SummaryFour Seasons Pediatrics, a three-physician group in upstate New York, redesigned its workflow, reduced staffing costs, and enhanced quality of care in the process of adopting an electronic medical record. The group also achieved a positive return on investment within 2.5 years, earning financial rewards through the Bridges to Excellence program and other pay-for-performance programs.Moderate: The evidence is based on before and after comparisons of efficiency, selected outcomes, patient satisfaction, and charge capture, which demonstrate a clear link between the implementation of the EMR-facilitated workflow changes and improved results.
Developing OrganizationsFour Seasons Pediatrics
Clifton Park, NY
Date First Implemented2005
Problem AddressedElectronic medical records (EMRs) can assist practices in redesigning workflows, leading to the potential for improved efficiency and enhanced patient outcomes; however, small practices often find the costs and effort associated with EMR implementation to be prohibitively high.
- Many physicians do not use EMRs, especially those in small practices: A 2005 survey estimated that only 13 percent of solo practitioners and 16 percent of groups with 2 to 4 physicians have adopted EMRs, compared with 29 percent of groups with 10 to 19 physicians and 39 percent of groups with 20 or more physicians.1
- Financial and other barriers to adoption: Barriers to EMR implementation include lack of adequate capital, high maintenance costs, complex contracts, and lack of time. Many practices do recognize the potential financial benefits (e.g., improved capture of patient charges on insurance claims, reduced transcription costs and staff expenses, increased revenues) as well.1
- Numerous components contribute to high EMR costs: One-time implementation costs include hardware and software acquisition, system training and installation, workflow redesign, conversion of paper to electronic charts, productivity loss during implementation, technical/network system support, and other implementation costs. Recurring costs include software maintenance and support, hardware replacement, internal and external labor costs, and other ongoing costs.1
- High costs lead to concerns about return on investment (ROI): Studies show that many health care providers are reluctant to adopt EMRs because of a concern that the high costs associated with adoption will prevent achievement of an adequate ROI.2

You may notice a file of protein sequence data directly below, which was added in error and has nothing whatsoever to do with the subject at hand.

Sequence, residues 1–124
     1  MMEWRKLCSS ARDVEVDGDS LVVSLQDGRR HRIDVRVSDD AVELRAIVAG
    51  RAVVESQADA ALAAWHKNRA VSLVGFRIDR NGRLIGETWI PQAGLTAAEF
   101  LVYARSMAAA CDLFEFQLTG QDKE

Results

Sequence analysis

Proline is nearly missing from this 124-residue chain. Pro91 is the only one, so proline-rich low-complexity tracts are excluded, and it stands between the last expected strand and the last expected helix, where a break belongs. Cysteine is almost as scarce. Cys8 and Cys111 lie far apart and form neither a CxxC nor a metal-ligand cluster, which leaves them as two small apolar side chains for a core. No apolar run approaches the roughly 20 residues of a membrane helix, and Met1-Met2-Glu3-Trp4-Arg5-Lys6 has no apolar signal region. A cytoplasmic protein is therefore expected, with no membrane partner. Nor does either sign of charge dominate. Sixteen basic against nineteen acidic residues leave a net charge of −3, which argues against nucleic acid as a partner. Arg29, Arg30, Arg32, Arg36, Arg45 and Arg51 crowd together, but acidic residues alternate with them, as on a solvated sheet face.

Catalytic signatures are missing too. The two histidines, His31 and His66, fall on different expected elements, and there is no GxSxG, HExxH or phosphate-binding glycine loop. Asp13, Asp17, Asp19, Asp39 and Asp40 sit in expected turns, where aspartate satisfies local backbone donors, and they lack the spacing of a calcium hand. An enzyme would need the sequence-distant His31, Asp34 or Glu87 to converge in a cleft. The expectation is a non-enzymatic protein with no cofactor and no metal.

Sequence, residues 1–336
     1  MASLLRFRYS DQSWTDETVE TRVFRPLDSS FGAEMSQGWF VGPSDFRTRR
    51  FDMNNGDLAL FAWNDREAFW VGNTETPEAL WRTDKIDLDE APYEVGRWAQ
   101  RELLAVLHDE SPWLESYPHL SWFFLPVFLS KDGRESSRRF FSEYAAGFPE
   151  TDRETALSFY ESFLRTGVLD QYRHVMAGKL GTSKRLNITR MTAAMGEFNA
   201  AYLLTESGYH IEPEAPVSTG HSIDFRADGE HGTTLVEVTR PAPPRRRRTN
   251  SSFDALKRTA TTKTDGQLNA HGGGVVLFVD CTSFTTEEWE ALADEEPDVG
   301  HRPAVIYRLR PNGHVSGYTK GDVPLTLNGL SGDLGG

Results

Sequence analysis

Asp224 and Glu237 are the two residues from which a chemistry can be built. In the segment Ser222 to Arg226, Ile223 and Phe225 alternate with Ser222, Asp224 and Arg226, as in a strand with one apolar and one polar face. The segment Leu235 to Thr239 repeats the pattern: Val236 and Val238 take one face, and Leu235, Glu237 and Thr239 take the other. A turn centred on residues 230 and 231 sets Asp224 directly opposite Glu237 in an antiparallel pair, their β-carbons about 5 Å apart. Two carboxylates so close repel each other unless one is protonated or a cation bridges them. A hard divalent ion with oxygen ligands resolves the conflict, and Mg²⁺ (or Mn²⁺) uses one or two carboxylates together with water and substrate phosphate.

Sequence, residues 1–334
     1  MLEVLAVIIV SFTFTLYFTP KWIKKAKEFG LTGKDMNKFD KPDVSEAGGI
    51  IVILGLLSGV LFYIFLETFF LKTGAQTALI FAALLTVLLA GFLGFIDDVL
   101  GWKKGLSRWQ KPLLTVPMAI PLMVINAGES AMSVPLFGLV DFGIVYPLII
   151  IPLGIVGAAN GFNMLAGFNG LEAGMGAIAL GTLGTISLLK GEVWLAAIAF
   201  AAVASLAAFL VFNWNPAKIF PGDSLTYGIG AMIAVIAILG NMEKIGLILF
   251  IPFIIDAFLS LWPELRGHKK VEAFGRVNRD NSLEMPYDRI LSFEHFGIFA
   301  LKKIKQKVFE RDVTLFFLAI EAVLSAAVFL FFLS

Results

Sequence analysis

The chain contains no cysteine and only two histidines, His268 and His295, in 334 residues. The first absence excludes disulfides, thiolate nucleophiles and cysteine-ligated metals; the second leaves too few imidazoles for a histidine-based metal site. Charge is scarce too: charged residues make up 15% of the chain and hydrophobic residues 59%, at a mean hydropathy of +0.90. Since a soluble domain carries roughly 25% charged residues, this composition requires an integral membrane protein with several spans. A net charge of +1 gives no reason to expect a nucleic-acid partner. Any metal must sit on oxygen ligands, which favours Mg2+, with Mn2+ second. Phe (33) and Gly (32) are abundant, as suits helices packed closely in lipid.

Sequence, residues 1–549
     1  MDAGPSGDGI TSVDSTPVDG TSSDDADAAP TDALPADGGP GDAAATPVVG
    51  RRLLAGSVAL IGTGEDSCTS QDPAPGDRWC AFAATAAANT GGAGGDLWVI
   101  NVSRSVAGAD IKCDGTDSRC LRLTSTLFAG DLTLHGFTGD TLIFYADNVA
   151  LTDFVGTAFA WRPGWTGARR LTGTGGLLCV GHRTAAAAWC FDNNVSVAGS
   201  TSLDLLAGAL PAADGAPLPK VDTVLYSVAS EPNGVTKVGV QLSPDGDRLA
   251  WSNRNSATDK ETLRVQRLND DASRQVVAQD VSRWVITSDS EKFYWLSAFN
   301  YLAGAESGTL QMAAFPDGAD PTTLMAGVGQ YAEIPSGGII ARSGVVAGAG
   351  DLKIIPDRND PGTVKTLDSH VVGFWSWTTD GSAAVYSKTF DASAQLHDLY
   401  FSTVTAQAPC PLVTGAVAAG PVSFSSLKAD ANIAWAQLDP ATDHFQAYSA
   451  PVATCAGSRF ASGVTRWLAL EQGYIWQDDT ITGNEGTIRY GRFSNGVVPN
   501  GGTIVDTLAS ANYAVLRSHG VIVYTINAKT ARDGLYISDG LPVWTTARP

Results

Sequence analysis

Description of the Innovative ActivityFour Seasons Pediatrics redesigned its workflow starting in the spring of 2005, including revision of the practice's chronic care management systems and processes. This change was facilitated by the adoption of an EMR. Key changes are described below:
- Redesign of workflow associated with a patient visit: Inspired by the functionality of the EMR, Four Seasons has revamped the workflow associated with the typical patient visit. Key changes include the following:
- End of paper charts: Physicians bring a tablet computer with them to the patient examination room instead of the paper chart. Physicians call up the patient record and input new data using checklists/templates that are built into the EMR.
- Patient education: Physicians and nurses use the EMR to educate the patient by showing relevant screens during the visit (e.g., a graph can be shown depicting a child's growth trends compared with the norm, parents of a child on antidepressants can be informed about the black-box warning for use of the drug in children). Educational materials can also be printed and sent home with the patient and family.
- Prescription ordering: Prescriptions are ordered through the EMR and printed out for the patient before departure.
- Monitoring lab and other results: A nurse is assigned the responsibility to check the EMR daily to monitor a list of laboratory results that have not been returned; the nurse can follow up with the laboratories to ensure that no tests have fallen through the cracks. The system also facilitates the mandatory reporting of immunizations as required by state law.
- Chronic care workflow redesign to focus on proactive care: The EMR has allowed Four Seasons to redesign its chronic care management workflow, with a focus on more proactive management of those with chronic diseases and conditions.